Implementing Sustainability Goals by the Numbers
Now that you’re on the path to becoming a truly sustainable printer, here are a few thoughts about how to reach that goal and some metrics that may help you tell when you’ve arrived.
Environmental Leader publishes a quarterly “Environmental & Energy Data Book” full of charts and graphs presenting environmental, sustainability and energy-related data. Download the PDF and use the information and metrics included to support your decision-making.
The following are some data points selected from the report; it includes dozens more.
First there’s the top 10 “100% purchasers” of green power. Ranging from Kohl’s Department Stores and Whole Foods Market to The World Bank Group and Dannon Co., These are the companies that are buying only green energy.
Mohawk Fine Papers is #8 on the list; last year it purchased 116 million kilowatt hours of power. That’s a big number! To give you a relative measure for comparison, using a 60-watt light bulb for one thousand hours consumes 60 kilowatt hours of electricity. (Thank you, Wikipedia.)
As you look at your energy use and begin to build a baseline on which improvement can be measured, it is helpful to know the areas where the most energy is used in general commercial buildings. Yes, an office building IS different from a print plant, but consider these general categories:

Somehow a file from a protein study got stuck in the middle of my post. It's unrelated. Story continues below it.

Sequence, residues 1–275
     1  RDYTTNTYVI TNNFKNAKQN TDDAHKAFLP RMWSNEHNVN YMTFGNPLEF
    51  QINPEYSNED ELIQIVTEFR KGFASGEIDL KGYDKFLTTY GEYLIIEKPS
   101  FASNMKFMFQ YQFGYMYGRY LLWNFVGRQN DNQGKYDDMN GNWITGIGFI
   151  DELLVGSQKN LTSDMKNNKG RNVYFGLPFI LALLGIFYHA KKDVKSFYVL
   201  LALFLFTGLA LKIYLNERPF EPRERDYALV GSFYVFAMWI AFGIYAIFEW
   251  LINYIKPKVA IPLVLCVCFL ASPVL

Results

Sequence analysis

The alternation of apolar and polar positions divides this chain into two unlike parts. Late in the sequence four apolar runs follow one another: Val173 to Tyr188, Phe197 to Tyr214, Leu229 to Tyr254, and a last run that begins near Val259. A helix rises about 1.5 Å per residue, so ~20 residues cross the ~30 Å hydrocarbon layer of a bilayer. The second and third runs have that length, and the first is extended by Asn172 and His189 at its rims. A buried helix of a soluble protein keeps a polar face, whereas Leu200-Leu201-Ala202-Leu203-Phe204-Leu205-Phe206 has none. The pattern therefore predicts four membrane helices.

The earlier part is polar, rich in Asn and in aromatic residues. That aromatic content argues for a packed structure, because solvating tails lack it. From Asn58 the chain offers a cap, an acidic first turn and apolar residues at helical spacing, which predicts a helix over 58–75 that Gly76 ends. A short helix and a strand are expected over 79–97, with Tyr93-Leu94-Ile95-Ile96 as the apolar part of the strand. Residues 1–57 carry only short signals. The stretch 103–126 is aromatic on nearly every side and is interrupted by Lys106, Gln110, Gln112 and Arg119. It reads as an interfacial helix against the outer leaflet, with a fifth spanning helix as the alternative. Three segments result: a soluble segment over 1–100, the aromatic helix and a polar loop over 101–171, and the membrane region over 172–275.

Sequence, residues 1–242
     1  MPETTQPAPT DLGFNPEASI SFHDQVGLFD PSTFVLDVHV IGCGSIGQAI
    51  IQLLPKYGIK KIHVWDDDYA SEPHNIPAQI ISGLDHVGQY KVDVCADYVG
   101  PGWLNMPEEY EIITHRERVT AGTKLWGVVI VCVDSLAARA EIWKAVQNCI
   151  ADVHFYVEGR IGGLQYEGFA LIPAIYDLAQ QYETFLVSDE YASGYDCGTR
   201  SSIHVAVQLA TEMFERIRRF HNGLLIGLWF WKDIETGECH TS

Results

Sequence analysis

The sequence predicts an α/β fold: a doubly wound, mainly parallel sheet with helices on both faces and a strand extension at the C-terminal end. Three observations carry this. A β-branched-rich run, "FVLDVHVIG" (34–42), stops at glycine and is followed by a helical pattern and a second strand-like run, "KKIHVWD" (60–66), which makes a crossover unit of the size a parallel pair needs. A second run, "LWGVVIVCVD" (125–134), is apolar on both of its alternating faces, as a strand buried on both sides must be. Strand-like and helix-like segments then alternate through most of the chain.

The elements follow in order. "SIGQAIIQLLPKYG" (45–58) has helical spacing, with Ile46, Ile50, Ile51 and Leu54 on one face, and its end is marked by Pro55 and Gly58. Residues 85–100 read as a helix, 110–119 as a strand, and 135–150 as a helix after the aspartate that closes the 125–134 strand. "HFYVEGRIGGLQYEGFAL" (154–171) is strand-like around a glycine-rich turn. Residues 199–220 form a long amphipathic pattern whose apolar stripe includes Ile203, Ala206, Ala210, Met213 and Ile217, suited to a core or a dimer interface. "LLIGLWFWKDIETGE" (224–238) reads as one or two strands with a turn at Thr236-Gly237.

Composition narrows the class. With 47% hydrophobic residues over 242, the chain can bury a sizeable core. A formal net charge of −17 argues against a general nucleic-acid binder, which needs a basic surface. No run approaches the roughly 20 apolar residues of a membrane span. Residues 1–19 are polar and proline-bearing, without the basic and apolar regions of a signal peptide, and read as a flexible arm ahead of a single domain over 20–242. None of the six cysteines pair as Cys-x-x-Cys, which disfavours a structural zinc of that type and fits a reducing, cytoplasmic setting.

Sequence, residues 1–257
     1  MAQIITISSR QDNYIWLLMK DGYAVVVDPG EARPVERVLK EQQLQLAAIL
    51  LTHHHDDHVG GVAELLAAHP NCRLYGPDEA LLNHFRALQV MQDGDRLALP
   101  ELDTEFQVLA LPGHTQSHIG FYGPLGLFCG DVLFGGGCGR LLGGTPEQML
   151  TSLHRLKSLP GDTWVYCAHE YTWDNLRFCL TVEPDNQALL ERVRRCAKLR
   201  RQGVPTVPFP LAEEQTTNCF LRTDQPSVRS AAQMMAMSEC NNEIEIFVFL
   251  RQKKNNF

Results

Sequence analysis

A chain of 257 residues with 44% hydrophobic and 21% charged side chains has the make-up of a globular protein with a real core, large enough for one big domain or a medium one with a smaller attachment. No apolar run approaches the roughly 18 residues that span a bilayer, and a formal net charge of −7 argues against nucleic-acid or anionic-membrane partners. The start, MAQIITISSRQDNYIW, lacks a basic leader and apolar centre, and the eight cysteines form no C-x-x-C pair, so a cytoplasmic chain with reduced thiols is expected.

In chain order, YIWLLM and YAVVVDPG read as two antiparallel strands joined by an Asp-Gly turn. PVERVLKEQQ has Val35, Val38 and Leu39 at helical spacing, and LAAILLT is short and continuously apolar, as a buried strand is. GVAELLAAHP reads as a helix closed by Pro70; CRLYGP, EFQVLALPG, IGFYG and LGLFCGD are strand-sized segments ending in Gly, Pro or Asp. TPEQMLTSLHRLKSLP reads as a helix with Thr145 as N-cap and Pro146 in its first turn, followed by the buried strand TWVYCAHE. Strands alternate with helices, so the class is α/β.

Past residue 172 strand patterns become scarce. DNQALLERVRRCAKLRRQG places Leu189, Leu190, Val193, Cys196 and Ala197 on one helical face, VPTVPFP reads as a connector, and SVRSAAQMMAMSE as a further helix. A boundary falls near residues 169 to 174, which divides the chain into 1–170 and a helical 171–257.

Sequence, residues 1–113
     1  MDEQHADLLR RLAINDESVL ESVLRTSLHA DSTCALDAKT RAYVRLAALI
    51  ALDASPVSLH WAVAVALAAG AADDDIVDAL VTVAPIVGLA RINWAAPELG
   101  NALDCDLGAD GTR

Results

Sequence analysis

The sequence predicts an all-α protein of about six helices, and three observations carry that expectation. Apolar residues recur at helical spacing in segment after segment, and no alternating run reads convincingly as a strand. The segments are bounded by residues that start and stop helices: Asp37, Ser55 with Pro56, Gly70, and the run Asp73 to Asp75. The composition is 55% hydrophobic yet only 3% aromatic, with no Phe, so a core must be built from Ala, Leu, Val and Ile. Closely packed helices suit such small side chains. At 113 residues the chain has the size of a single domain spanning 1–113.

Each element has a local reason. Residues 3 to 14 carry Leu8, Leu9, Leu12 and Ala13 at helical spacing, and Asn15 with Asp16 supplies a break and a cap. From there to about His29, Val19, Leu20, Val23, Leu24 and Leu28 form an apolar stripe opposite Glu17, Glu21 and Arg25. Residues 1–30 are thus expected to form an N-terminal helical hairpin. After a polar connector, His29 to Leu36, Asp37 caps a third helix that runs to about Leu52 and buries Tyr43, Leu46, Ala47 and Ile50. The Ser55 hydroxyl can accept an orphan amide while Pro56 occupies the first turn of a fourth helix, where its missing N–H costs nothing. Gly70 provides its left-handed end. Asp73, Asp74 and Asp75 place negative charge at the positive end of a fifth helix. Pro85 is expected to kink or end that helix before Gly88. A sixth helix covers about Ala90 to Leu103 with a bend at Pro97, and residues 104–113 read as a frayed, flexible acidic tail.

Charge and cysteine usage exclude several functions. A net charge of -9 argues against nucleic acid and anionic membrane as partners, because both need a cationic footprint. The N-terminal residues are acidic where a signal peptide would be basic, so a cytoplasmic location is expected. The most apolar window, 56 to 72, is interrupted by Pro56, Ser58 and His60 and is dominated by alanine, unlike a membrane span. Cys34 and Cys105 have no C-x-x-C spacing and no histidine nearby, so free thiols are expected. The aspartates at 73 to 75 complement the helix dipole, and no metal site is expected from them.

- Lighting and heating and cooling the physical space consumer more than half the energy in U.S. commercial buildings.
- Then you have water heating, electronics, refrigeration and computers.
Have you measured your energy use at this level?
Now that we know lighting is the top energy drain in commercial buildings—more than a quarter of all use—the next step is to evaluate your lighting systems. There are three criteria that are deemed “very important:”
- Energy consumption
- Lifetime operating/maintenance costs
- Suitability of lighting design for the task
Obviously, it is critical to do a complete lifetime ROI analysis before launching a full lighting retrofit, but finding new ways to bring in natural light and upgrading selective areas can reduce the overall cost. Picking the best “bang for the buck” will give you a good return your project without breaking the bank.